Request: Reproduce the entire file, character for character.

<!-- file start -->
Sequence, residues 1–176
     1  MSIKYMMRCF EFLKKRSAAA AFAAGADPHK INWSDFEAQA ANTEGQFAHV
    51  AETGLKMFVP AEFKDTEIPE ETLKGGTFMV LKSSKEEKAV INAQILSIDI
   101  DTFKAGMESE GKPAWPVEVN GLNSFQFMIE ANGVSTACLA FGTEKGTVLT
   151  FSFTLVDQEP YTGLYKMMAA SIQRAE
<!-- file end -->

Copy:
Sequence, residues 1–176
     1  MSIKYMMRCF EFLKKRSAAA AFAAGADPHK INWSDFEAQA ANTEGQFAHV
    51  AETGLKMFVP AEFKDTEIPE ETLKGGTFMV LKSSKEEKAV INAQILSIDI
   101  DTFKAGMESE GKPAWPVEVN GLNSFQFMIE ANGVSTACLA FGTEKGTVLT
   151  FSFTLVDQEP YTGLYKMMAA SIQRAE